נגישות
menu      
חיפוש מתקדם
תחביר
חפש...
הספר "אוצר וולקני"
אודות
תנאי שימוש
ניהול
קהילה:
אסיף מאגר המחקר החקלאי
פותח על ידי קלירמאש פתרונות בע"מ -
Sweet corn response to combined nitrogen and salinity environmental stresses
Year:
2003
Source of publication :
Plant and Soil
Authors :
בן-גל, אלון
;
.
Volume :
256
Co-Authors:
Shenker, M., Dept. of Soil and Water Sciences, Fac. Agric., Food Environ. Qual. S., Hebrew University of Jerusalem, Rehovot 76100, Israel
Ben-Gal, A., Arava Research and Development, M.E. Eilot 8882, Israel
Shani, U., Dept. of Soil and Water Sciences, Fac. Agric., Food Environ. Qual. S., Hebrew University of Jerusalem, Rehovot 76100, Israel
Facilitators :
From page:
139
To page:
147
(
Total pages:
9
)
Abstract:
To define the nature of the combined response curve of sweet corn (Zea mays L.) plants to nitrogen and salinity, a lysimeter study was designed to follow water and solute budgets with combinations of the two variables over wide ranges of 0.5-7.5 dS m-1 and 0-150% of local N-fertilization recommendations. Patterns of water-use efficiency, N content, N uptake, and shoot dry-matter yield indicated the predominance of environmental interactions over Cl-nitrate physiological antagonism. At low salinities, the leaf N content, N uptake, and yield increased with increased N fertilization up to 45% of local N-fertilization recommendations, nitrogen was efficiently stripped from the percolating water and practically no nitrate was leached. At higher N fertilization the amount of leached N increased linearly with increased N input, and N uptake and yield were independent of N rates, levelling off at increased values for decreased salinities. The Liebig-Sprengel and Mitscherlich-Baule models were evaluated against measured data; both achieved similar values for the system's inherent N, the salinity level corresponding with zero-yield, and the predicted yields, which were highly correlated with the experimental data (R2 > 0.9). It is suggested that both models can be used successfully in mechanistic-based plant-soil solution models to predict yield, water and nutrient needs, and the resulted N leaching.
Note:
Related Files :
Environmental stress
growth response
Interactions
nitrogen
salinity
water use efficiency
Zea mays
עוד תגיות
תוכן קשור
More details
DOI :
10.1023/A:1026274015858
Article number:
Affiliations:
Database:
סקופוס
Publication Type:
מאמר
;
.
Language:
אנגלית
Editors' remarks:
ID:
27936
Last updated date:
02/03/2022 17:27
Creation date:
17/04/2018 00:35
Scientific Publication
Sweet corn response to combined nitrogen and salinity environmental stresses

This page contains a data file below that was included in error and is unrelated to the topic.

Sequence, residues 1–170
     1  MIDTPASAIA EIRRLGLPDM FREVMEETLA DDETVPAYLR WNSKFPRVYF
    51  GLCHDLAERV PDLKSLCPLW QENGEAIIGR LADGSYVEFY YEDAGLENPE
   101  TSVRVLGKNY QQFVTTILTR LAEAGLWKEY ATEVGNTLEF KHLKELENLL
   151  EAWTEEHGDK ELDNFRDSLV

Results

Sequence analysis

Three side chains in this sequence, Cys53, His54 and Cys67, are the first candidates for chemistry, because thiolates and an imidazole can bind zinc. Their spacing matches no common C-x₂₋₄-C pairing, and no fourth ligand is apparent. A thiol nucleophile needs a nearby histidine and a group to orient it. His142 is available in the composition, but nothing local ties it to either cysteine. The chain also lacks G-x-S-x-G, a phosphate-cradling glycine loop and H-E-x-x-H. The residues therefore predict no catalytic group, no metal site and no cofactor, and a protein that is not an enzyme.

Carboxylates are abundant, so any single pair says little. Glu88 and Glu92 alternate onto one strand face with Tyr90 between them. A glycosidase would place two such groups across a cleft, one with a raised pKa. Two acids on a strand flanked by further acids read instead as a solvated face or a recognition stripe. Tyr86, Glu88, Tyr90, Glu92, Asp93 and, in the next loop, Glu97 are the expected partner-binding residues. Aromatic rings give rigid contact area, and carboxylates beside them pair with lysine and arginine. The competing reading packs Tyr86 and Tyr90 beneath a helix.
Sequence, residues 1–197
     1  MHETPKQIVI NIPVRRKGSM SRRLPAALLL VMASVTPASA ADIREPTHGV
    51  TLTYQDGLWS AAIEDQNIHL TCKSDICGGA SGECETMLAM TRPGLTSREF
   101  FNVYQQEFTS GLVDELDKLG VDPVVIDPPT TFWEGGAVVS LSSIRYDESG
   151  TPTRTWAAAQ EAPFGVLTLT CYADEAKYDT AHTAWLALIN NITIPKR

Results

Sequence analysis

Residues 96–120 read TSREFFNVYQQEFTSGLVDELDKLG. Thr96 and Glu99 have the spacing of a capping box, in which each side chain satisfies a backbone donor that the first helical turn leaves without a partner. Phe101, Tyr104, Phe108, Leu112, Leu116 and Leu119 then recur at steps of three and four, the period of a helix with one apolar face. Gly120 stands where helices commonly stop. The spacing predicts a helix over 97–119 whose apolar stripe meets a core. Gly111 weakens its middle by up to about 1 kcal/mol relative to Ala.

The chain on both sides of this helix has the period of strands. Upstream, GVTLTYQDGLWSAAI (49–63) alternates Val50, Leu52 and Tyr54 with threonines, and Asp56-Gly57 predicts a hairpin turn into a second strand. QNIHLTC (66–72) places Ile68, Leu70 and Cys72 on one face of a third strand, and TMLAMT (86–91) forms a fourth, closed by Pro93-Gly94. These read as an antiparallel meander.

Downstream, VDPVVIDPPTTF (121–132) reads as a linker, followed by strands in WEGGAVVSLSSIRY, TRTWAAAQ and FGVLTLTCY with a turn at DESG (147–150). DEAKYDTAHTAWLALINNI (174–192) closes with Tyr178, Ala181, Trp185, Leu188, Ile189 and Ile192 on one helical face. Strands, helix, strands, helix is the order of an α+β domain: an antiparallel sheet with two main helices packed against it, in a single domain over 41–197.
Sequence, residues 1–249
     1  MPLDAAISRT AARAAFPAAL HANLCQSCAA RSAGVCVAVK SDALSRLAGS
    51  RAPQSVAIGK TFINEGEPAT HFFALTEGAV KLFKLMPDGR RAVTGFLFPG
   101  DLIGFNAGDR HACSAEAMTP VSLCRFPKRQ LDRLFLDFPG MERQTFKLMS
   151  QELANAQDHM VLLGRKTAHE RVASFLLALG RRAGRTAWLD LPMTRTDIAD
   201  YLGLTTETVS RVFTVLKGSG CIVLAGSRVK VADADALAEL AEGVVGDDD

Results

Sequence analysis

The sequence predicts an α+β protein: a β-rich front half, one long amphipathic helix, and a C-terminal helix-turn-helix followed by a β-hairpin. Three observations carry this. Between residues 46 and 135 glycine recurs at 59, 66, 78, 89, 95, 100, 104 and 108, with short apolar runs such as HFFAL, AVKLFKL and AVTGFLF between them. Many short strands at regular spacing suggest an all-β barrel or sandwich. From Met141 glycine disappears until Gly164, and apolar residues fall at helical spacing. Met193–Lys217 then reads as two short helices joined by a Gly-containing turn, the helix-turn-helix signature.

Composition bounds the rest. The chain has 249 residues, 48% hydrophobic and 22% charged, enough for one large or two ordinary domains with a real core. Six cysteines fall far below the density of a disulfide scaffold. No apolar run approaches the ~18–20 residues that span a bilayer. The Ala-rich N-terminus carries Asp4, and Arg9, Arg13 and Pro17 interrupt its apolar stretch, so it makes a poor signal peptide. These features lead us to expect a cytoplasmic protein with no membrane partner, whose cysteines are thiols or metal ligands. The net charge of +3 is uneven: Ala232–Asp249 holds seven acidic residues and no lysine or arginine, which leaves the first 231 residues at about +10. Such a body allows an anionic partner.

256
Shenker, M., Dept. of Soil and Water Sciences, Fac. Agric., Food Environ. Qual. S., Hebrew University of Jerusalem, Rehovot 76100, Israel
Ben-Gal, A., Arava Research and Development, M.E. Eilot 8882, Israel
Shani, U., Dept. of Soil and Water Sciences, Fac. Agric., Food Environ. Qual. S., Hebrew University of Jerusalem, Rehovot 76100, Israel
Sweet corn response to combined nitrogen and salinity environmental stresses
To define the nature of the combined response curve of sweet corn (Zea mays L.) plants to nitrogen and salinity, a lysimeter study was designed to follow water and solute budgets with combinations of the two variables over wide ranges of 0.5-7.5 dS m-1 and 0-150% of local N-fertilization recommendations. Patterns of water-use efficiency, N content, N uptake, and shoot dry-matter yield indicated the predominance of environmental interactions over Cl-nitrate physiological antagonism. At low salinities, the leaf N content, N uptake, and yield increased with increased N fertilization up to 45% of local N-fertilization recommendations, nitrogen was efficiently stripped from the percolating water and practically no nitrate was leached. At higher N fertilization the amount of leached N increased linearly with increased N input, and N uptake and yield were independent of N rates, levelling off at increased values for decreased salinities. The Liebig-Sprengel and Mitscherlich-Baule models were evaluated against measured data; both achieved similar values for the system's inherent N, the salinity level corresponding with zero-yield, and the predicted yields, which were highly correlated with the experimental data (R2 > 0.9). It is suggested that both models can be used successfully in mechanistic-based plant-soil solution models to predict yield, water and nutrient needs, and the resulted N leaching.
Scientific Publication
You may also be interested in